Eliot Spitzer and Slate Hit with a $60 Million Libel Suit

A Wall Street executive says Spitzer wrongly accused him of price-fixing

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After Eliot Spitzer was forced to resign as governor of New York in 2008 for using the services of hookers, he slowly made his way back from "luv guv" to media personality by writing a column for Slate. His punditry eventually landed him an hour-long show on CNN (though it was cancelled last month). But those columns have also led to a fresh headache: he's is being sued for $60 million by a Wall Street executive who says Spitzer libeled him. Reuters' Jonathan Stempel reports that William Gilman, a former executive marketing director for Marsh & McLennan Cos Inc, says Spitzer showed "actual malice" when his August 22, 2010 article suggested Gilman was guilty of an anti-trust charge that had been thrown out of court.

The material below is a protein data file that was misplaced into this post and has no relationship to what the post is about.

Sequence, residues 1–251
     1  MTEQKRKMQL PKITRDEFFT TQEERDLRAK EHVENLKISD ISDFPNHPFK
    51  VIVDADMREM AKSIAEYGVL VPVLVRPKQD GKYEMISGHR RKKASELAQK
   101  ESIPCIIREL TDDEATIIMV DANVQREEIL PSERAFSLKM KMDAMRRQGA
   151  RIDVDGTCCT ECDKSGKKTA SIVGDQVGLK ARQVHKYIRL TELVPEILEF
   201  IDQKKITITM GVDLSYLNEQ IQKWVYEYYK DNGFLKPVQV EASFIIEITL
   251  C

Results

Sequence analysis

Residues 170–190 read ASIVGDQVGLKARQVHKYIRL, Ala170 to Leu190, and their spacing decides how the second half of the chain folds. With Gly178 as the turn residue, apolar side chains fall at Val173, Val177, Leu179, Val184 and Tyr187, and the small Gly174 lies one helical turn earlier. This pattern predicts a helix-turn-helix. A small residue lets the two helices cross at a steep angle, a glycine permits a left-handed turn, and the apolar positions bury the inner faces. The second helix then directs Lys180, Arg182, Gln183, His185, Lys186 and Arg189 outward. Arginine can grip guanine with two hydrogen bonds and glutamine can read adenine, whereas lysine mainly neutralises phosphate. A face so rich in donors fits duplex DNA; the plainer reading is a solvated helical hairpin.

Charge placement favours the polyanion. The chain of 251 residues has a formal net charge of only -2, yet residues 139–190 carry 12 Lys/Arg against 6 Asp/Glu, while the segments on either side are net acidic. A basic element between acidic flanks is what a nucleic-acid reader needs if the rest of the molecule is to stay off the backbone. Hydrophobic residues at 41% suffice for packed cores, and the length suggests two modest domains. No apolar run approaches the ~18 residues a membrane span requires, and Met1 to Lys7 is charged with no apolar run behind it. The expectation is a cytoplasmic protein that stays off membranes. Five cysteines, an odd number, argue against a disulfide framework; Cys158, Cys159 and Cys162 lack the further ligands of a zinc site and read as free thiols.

Backstory: In 2004, when Spitzer was governor, New York's attorney general began investigating Marsh's practices, including allegations of kickbacks to insurers. Gilman and seven other insurance executives were indicted in 2005 after Marsh agreed to an $850 million civil settlement. Gilman himself was convicted in 2008 on a felony anti-trust charge. In 2010, a judge threw out the conviction because of new evidence in the case. In January, Gilman's case was dismissed; so were the cases of some of the other seven executives, while others were acquitted.
Today: Gilman says this Spitzer statement defamed him: "Marsh's behavior was a blatant abuse of law and market power: price-fixing, bid-rigging and kickbacks all designed to harm their customers and the market while Marsh and its employees pocketed the increased fees and kickbacks." And, he says, so did Spitzer's argument that "many employees of Marsh" were "convicted and sentenced to jail terms" even though none of them had been.
Gilman wants $10 million of compensatory damages; $20 million in general damages, and $30 million in punitive damages.
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